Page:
The white paper proposal makes strides to minimize any increase in trade frictions in goods. However, it remains vague on services, which make up 80 percent of the UK economy. Even the most ambitious trade agreements of the EU, like those with South Korea and Canada, have substantially less market access for services that what the UK currently has.

Another issue for the UK is that Brussels will not accept the proposal in its current form. The EU has persistently indicated that it will not separate the “four freedoms” of the Single Market.

Worryingly, the prospect of a “no deal” Brexit appears to be back in the cards. This would have severe consequences for the UK, including a huge burden on customs procedures and regulatory checks at UK borders that would drastically increase the cost of trade with the EU. For example, research suggests that an increase of two minutes spent at the border by each vehicle could more than triple the existing queues around the port of Dover—to twenty-nine miles—meaning nearly five-hour delays. Furthermore, it is not clear what would happen to the Irish border in the case of no deal, which is of great social and political importance.

The trade-off faced by the UK is that alignment with EU regulations restricts its ability to negotiate deep free trade agreements with non-EU countries. But the EU is by far the UK’s largest trading partner, and the evidence suggests that the UK stands to lose more by diverging from the EU than it is likely to gain from deals with new countries such as the U.S.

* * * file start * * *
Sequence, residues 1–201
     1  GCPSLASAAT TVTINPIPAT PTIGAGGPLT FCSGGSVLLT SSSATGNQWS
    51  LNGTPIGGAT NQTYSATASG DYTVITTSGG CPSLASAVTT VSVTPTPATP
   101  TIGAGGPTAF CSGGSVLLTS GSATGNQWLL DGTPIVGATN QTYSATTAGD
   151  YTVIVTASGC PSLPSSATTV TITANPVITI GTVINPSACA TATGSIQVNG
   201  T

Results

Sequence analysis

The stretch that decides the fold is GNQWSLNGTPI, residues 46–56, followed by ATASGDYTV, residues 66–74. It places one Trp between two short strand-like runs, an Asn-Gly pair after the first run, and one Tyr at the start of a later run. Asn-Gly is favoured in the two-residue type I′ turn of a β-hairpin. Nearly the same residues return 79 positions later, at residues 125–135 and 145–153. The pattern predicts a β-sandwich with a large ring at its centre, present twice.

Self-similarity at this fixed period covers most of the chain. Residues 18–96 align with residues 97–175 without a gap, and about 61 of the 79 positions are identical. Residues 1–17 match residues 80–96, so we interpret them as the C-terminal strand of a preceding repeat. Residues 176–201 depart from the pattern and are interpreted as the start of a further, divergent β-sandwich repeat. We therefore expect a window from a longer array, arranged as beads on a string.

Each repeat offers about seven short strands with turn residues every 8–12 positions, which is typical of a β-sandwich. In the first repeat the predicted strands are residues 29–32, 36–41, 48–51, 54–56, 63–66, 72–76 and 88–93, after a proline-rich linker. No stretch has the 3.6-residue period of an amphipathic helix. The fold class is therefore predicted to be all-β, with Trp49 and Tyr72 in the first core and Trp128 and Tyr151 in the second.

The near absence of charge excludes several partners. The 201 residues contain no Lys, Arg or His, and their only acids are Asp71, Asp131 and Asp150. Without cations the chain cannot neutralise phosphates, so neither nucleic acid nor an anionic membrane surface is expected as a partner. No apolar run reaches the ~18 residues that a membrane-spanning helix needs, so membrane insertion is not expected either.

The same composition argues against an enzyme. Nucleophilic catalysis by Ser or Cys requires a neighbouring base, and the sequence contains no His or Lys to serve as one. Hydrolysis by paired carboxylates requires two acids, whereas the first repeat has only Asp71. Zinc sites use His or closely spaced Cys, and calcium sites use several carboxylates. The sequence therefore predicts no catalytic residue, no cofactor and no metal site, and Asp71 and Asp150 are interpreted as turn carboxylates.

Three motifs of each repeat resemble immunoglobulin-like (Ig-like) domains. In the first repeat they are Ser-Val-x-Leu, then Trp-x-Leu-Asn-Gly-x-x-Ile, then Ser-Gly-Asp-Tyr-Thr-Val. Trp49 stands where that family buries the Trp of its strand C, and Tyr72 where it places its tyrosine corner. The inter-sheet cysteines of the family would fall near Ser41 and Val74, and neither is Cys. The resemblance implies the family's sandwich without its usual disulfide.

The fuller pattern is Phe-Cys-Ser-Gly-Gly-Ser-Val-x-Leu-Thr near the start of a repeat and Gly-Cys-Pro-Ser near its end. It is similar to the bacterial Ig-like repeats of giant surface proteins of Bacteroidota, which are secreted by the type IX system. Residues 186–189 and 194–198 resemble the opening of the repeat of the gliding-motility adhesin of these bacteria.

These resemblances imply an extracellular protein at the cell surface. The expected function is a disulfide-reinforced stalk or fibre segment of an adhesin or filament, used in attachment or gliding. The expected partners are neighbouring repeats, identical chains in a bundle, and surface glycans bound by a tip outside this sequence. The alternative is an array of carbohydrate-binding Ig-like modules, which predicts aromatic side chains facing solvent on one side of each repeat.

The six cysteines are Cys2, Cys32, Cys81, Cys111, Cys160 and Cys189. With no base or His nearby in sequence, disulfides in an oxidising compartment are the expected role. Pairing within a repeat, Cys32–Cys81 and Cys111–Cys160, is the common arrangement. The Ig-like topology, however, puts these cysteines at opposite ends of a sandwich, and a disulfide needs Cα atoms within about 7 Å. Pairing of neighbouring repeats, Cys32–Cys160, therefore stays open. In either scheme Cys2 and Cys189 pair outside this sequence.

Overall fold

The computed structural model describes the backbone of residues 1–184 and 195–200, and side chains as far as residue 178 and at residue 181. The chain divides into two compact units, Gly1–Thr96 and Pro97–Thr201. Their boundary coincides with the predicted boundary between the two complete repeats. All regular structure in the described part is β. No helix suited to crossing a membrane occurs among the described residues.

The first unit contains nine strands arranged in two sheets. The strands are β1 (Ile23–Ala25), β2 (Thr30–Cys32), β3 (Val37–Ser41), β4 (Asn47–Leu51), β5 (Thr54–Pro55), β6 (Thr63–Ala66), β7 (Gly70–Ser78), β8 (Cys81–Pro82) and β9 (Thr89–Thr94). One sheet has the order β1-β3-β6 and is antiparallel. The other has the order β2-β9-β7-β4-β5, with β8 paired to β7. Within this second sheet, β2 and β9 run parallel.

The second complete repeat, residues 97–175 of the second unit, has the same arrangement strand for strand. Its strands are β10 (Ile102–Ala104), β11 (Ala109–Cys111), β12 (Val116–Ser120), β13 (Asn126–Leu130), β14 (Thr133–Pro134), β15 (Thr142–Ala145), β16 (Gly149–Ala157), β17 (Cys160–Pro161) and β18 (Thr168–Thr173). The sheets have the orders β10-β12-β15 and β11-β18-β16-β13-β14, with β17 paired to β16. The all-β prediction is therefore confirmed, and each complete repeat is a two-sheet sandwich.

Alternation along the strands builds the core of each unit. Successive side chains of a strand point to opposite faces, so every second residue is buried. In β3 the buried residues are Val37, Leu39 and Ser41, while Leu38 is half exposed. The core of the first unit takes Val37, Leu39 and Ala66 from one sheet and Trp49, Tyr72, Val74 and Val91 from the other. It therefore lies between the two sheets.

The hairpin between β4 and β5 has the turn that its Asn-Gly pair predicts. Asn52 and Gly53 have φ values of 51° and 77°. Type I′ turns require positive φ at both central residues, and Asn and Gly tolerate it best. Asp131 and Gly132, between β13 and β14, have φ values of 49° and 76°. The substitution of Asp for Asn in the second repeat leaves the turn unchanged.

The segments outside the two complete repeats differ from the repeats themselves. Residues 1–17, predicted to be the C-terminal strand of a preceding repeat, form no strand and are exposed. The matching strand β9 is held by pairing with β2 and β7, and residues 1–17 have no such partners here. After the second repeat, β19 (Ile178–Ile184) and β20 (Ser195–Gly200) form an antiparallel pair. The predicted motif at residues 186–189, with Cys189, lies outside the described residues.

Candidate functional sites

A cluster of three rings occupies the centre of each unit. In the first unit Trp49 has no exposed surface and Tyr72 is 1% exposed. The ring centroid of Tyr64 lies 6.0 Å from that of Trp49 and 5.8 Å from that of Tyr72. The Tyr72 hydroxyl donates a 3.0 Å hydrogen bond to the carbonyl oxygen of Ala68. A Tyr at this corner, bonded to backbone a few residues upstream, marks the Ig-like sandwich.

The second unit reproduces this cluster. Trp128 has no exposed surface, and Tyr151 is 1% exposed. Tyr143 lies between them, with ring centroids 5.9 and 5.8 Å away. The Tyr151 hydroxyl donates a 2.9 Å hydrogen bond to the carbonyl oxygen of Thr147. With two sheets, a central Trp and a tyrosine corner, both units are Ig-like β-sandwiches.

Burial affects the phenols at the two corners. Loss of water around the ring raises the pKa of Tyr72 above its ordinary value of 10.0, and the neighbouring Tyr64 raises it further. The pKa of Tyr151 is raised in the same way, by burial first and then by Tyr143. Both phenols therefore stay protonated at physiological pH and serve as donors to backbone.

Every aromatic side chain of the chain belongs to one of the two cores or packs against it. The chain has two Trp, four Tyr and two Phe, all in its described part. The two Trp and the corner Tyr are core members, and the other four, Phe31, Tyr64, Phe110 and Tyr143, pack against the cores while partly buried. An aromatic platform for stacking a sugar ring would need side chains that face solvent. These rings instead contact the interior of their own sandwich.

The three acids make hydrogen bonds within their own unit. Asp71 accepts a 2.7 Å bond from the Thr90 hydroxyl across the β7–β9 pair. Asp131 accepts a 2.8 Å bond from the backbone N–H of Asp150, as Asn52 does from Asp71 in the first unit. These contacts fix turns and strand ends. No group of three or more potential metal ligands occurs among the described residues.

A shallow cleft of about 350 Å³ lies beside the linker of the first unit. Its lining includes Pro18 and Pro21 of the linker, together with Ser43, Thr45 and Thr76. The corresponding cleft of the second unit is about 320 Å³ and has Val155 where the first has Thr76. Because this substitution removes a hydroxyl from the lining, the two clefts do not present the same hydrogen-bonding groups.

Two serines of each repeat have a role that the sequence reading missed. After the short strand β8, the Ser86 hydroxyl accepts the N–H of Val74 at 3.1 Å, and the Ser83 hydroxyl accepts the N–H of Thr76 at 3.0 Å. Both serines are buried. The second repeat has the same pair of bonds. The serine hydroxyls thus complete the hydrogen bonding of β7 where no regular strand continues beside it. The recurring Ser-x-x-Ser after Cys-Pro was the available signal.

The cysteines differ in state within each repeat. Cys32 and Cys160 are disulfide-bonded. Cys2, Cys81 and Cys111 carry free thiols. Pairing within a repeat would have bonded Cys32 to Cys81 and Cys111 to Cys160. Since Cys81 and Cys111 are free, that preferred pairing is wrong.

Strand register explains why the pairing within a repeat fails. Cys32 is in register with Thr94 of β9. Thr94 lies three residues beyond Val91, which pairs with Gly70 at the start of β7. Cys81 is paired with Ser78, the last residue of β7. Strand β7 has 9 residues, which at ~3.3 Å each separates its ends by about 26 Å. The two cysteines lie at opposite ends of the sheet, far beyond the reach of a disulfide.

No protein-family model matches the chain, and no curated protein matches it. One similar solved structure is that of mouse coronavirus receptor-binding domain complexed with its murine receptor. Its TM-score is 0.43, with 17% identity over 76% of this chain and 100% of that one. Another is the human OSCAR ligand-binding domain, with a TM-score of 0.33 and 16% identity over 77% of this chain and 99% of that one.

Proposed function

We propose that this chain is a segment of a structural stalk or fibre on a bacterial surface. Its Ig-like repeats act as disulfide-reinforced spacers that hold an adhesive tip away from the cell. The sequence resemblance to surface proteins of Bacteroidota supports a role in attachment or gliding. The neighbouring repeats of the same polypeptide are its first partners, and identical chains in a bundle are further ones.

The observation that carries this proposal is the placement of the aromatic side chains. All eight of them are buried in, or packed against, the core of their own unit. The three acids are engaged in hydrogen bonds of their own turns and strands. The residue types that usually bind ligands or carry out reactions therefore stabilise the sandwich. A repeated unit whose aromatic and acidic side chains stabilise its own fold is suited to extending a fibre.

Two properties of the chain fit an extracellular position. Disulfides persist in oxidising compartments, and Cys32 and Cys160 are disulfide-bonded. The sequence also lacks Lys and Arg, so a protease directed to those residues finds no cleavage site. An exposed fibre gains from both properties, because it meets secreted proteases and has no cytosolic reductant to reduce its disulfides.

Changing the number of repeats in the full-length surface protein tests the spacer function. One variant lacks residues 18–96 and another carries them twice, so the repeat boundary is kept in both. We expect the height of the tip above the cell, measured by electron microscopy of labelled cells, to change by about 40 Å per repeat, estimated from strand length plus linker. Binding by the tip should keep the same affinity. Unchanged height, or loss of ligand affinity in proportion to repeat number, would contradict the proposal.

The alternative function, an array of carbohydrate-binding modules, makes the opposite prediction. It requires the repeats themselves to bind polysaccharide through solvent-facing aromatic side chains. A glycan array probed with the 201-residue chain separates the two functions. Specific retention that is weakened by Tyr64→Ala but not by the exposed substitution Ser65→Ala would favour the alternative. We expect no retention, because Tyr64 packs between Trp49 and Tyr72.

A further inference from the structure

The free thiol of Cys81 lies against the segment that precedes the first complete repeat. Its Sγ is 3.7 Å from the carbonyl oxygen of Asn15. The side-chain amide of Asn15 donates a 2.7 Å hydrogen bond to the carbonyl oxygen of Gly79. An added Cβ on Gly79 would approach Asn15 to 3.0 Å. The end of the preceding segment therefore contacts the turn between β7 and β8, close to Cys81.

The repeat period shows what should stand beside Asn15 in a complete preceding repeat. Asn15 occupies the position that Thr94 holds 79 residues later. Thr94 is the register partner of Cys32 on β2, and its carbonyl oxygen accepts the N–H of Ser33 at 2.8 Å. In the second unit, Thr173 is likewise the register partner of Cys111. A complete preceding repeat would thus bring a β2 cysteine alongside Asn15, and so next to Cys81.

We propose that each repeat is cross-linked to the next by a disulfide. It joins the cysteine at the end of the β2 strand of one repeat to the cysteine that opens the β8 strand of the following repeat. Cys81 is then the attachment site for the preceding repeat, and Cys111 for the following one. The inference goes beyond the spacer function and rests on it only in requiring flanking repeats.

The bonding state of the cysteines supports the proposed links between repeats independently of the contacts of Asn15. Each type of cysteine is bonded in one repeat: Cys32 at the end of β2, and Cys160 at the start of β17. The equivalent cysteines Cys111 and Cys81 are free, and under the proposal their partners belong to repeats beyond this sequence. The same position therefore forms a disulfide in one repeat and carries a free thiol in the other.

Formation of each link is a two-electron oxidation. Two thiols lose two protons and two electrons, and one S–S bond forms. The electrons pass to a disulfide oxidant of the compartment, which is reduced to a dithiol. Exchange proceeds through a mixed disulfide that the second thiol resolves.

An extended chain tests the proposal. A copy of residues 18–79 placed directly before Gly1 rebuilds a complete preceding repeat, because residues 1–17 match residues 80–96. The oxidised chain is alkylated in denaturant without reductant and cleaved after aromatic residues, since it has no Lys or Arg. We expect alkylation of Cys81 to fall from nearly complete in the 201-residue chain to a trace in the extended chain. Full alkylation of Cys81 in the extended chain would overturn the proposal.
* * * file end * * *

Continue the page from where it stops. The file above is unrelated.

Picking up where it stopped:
Michael Emerson is an associate senior research fellow for Europe in the World at the Centre for European Policy Studies.

A large majority of professional people in the UK—in business, government, academia, civil society—regard Brexit as the biggest unforced error that a democratic state ever inflicted upon itself. A Times Higher Education survey at the time of voting found that 90 percent of Brits working in higher education supported remaining, and a study by Aihua Zhang of the University of Leicester found a strong correlation between the percentage of voters in a region that voted to remain and high levels of higher education. As negotiations have taken place, the factors that make Brexit a mistake have only been made clearer.